The nearest house is located merely at a distance of 30 meters while the Sirsa river floodplain is not far at about 100 meters from the dumping site. The locals, supported by an environmental group Himdhara Collective, approached the local civic body and the district administration several times with their grievance. None of the two disappointed the locals and, as usual, didn’t move a muscle.

About 1200 villagers wrote to the President of India after they were disappointed by their own government. 

The State Pollution Control Board confined itself to issuing repeated notices to the local bodies to solve the grievance of the locals. While the MC and BBNDA didn’t care about these notices, the HP PCB did not proceed to take proper action.

Very recently, the matter reached the State High Court pleading for justice.

In the interregnum, we direct that no garbage shall be dumped into the land owned by the present petitioner or dumped at any other site, save and except, in accordance with law. We further direct the Senior Environmental Engineer of respondent No.3 to visit the site and after inspecting the same, submit his report with regard to the compliance of the statutory provisions,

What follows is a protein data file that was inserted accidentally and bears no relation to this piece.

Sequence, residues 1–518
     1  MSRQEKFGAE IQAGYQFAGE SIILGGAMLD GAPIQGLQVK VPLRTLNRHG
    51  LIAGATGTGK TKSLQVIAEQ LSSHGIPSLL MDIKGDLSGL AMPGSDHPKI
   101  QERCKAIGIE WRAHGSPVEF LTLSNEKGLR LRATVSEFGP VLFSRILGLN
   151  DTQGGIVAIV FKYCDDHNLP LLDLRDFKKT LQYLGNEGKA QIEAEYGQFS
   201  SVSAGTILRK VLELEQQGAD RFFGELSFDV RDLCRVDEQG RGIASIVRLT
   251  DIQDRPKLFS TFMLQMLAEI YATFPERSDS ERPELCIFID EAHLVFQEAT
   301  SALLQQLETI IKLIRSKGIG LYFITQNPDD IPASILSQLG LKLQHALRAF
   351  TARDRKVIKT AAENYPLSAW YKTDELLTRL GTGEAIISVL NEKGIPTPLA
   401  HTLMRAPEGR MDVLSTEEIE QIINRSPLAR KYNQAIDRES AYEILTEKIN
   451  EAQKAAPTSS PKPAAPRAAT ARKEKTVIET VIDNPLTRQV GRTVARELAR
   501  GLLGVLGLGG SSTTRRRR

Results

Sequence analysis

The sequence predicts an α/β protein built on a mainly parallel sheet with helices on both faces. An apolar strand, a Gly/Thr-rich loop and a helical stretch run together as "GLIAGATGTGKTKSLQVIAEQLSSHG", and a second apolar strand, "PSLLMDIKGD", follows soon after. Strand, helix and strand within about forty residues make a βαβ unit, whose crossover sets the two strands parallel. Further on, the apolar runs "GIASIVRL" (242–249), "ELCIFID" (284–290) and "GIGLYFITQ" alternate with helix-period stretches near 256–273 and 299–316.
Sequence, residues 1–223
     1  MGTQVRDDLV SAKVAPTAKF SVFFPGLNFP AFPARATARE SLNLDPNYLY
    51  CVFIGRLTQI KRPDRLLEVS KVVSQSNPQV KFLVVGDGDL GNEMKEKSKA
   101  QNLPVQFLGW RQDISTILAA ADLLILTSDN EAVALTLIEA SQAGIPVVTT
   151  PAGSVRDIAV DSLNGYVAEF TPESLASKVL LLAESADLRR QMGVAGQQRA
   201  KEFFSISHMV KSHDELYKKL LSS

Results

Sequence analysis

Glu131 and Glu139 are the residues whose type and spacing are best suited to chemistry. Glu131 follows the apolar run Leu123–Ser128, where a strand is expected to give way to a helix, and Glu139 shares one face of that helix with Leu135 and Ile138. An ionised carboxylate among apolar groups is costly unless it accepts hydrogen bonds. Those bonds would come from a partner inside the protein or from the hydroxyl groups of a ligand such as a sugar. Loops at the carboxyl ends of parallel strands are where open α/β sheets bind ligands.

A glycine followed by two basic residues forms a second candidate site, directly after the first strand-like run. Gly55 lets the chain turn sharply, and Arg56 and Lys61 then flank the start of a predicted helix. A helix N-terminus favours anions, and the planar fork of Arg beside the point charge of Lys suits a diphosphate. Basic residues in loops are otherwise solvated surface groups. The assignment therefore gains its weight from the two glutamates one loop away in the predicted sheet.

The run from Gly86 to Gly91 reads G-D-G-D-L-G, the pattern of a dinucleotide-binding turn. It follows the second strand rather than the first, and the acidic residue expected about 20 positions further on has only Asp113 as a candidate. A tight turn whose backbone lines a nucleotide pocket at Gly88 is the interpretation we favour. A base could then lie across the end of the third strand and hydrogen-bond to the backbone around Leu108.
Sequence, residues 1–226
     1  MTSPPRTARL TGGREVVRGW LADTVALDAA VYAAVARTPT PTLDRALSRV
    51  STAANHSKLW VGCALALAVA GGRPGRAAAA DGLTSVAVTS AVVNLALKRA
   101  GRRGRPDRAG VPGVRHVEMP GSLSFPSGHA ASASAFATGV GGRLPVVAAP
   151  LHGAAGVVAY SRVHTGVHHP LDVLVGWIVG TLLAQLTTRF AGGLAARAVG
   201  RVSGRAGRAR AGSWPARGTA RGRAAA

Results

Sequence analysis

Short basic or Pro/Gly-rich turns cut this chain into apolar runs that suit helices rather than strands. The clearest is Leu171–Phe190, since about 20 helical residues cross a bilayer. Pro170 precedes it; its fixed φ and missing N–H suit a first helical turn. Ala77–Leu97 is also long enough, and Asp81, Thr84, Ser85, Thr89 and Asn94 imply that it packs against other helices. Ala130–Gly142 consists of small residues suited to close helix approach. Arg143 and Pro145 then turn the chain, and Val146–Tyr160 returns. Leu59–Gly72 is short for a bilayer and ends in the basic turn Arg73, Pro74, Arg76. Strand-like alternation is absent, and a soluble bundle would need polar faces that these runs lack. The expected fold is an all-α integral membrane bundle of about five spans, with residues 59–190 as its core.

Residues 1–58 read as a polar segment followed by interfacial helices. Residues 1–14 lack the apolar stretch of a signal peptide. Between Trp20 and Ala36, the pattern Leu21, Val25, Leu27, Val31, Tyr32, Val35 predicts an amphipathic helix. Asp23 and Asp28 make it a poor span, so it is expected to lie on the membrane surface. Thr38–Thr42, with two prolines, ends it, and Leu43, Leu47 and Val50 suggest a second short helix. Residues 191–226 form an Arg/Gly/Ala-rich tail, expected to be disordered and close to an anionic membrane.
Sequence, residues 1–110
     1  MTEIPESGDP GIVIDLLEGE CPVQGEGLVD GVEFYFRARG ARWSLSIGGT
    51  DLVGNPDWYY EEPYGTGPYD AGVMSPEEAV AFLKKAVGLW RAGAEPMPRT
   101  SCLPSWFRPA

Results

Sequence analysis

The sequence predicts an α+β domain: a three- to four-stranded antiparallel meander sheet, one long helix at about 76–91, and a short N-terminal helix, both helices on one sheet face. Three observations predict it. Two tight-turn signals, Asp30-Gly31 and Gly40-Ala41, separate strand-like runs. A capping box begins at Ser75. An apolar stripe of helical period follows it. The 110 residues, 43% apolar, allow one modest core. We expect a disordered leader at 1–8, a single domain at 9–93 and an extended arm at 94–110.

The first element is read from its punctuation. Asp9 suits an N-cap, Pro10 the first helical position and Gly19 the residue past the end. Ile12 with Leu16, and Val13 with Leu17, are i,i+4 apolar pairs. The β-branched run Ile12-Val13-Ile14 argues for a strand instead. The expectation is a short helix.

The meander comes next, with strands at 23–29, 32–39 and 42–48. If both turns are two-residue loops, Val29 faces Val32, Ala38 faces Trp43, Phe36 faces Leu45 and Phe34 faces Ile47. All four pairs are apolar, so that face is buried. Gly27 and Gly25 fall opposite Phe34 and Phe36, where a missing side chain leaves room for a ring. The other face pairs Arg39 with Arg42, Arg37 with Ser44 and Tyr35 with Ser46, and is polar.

a bench of then Acting Chief Justice Sanjay Karol and Justice Ajay Mohan Goyal had said in its order passsed on October 4, 2018.

However, both responsible bodies violated these orders as well and continued to dump garbage at the same site. The villagers captured videos of the same and wrote an application to the Superintendent of Police, Solan. The SP was informed regarding the violations of the court orders.

Letter to the SP Solan by Kenduwal petitioner

Letter written by villagers to SP Solan

The Court directed the Senior Environmental Engineer of the HP PCB to file a status report regarding this matter within four weeks

As per the report of the Chief Engineer dated October 15, 2018, the MC, Baddi and BBND hardly collect 30-40 percent of total solid waste generated, which is about 50 tons per day in this case. The collected waste is dumped at Kenduwal while remaining can be found scattered near the BBN area.

HP PCB has repeatedly directed the Municipal Council and BBNDA to dispose of the waste in a scientific manner in accordance with the provision of SWR,

2016, the report submitted to the court said.

The Municipal Solid waste is being collected unsegregated and transported to MSW site at Kenduwal where it is being dumped unscientifically. Most of the time it remains exposed in an open atmosphere and sometimes covered with soil layer, which is a breeding place for flies, mosquitoes, rats etc. The nearest human habitation is a house located at about 30 meters from the boundary of the dumping site, whereas the flood plain of river Sirsa is about 100 meters away from the site,